Bob Garfield hates the new BMW campaign from GSD&M which, of course, means we have to like it. Bob thinks GSD&M's use of the bureaucracy-kills-ideas concept with images of old, retro boardroom dudes portrayed as pompous fools without a good idea left in their bones reflected against BMW's refreshingly idea-centric, independent approach is really, really bad. He goes on to explain how that concept is old are tired and how it mirrors a creative process he claims had something to do with killing what could have been a good concept. All potentially true.
Contrary to popular belief in the ad industry, everyone does not live in the city. In fact, there's a lot more people living in the flyover states than on the coasts. All those people need stuff and they need a place to buy it. OK, they do have a few stores on the coasts but you get the point. Anyway, Tractor Supply Company is the place to get all your country needs and, while we think we've seen these before, Carmichael Lynch along with Bent Image Lab have created a new campaign to let people now about it. The spots are great. See one of them here. See the rest here.
- For the Partnership for a Healthy Mississippi, Maris, West & Baker has created a new commercial called Candy Factory that teaches children about the harmful effects of smoking.
- Here's a pretty cool promo for MTV2's Sic'Emation animated programming block. The promotions was created by AMP.
- The Chicago City Council has approved taxi cab advertising and 2,175 of the city's 6,900 cabs have asked to carry ads which will be sold by two companies.
- Pittsburgh's Iron City Beer gets Presidential mention.
- Students at the University of Pittsburgh have won the Hinda Fit Marketing Challenge besting 17 other schools. The winning entry may be used in an upcoming campaign.
- We wouldn't know anything about feminine wash products but this ad for Summer's Eve is ingeniously gross.
- Sometimes even the best efforts at removing graffiti are completely pointless.
Bringing back the goofiness of yesteryear's advertising, this Canadian campaign for Chevrolet offers the perfect mash up of Ward Cleaver morals and today's penchant for doing whatever the hell we want. Using old school TV style, A Past School Special covers bad influence, peer pressure and principles while promoting Chevrolet's Cobalt, HHR and Aveo. There's a companion website to the campaign and, of course, MySpace profiles.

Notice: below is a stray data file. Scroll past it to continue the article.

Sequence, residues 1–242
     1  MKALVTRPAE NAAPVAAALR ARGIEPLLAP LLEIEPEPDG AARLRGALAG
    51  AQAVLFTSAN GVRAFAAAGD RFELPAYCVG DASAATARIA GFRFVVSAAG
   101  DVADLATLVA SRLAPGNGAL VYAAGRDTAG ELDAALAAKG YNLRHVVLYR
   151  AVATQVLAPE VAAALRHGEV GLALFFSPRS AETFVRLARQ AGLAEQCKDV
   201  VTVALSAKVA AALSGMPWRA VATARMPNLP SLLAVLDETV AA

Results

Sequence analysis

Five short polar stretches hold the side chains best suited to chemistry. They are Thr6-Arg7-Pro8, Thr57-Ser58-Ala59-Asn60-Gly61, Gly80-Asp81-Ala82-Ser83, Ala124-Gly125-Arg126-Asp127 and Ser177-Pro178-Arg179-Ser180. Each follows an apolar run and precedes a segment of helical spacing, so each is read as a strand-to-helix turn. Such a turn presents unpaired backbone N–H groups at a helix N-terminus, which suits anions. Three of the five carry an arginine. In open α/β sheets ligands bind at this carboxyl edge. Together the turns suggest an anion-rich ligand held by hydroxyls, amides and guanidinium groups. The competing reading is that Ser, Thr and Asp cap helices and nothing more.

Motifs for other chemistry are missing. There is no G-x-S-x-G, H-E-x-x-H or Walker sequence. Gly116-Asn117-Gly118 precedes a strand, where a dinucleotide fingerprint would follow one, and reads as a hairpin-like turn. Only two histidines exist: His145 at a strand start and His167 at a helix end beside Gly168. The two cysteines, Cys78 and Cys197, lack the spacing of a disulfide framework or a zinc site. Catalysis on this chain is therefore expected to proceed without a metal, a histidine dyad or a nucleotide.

Another brilliant ad for Axe uses dueling pizza makers, horny women and Broadway-style dancing to drive home its message.
Pontiac, in partnership with failing "The Apprentice," is donating $500,000 to major charities nationwide in a campaign called Raise the Roof. Beginning May 30th at 12 PM, Pontiac will ask people to help donate a half a million dollars to their favorite charities. Pontiac, in turn, will make the donations. Those show choose to donate will have the chance to win one of two G6 hardtop convertibles. The winner gets one and the winner's favorite charity gets the other.
You've probably seen the new over-the-top Mariah Carey Pepsi spot in which she promotes ring tones and Pepsi in a production very similar to...oh...I don't know...those Pepsi spots from a few years back that took the exact same approach except with Britney Spears. Apparently, Britney wasn't available since she decided to hook up with that Federline dude and has been busy running away from paparazzi who can't seem to get enough picture of her dropping her baby.
GM, in honor of Memorial Day and the veterans the holiday was created for, GM is supporting the the families at the VFW National Home by donating $100 for every Pontiac, Buick and GMC sold between May 22 and May 31. The spot says "If your at all serious about getting a new car, this would be a good time to do it." Indeed. You can view the spot here.
As a follow up to their recent set of Scion commercials, ATTIK, along with Director Shilo, Curious Pictures, One Union Recording, Morphonics and Face the Music, have created three new :15 second spots that are based on a previous print campaign.
The agency's public relations representative Roger Darnell explains the approach to the print campaign which was then conveyed in the commercials, saying, "The first stage of each print ad is 'Inspiration,' and shows something that might inspire members of Scion's 'urban trendleader' target audience to personalize their vehicle (like, a bulldog). Next comes 'Realization,' where a Scion model has been customized in a style matching the inspiration. The third stage is 'Personalization,' where a stock version of the Scion model is shown with available accessories for customization." They're definitely animatronically fied up. See the spots here, here and here.
While referring to tobacco companies' use of the code word "Zephyr" in the fifties to refer to cancer might not be the strongest argument, the American Legacy Foundation's "Truth" campaign has launched a new campaign that includes a spot featuring a guy who goes into an oncologist's office to see if he has Zephyr/cancer. The campaign hopes to call attention to what it calls "absurdities" it sees in tobacco company marketing. A second spot will follow in a day or two.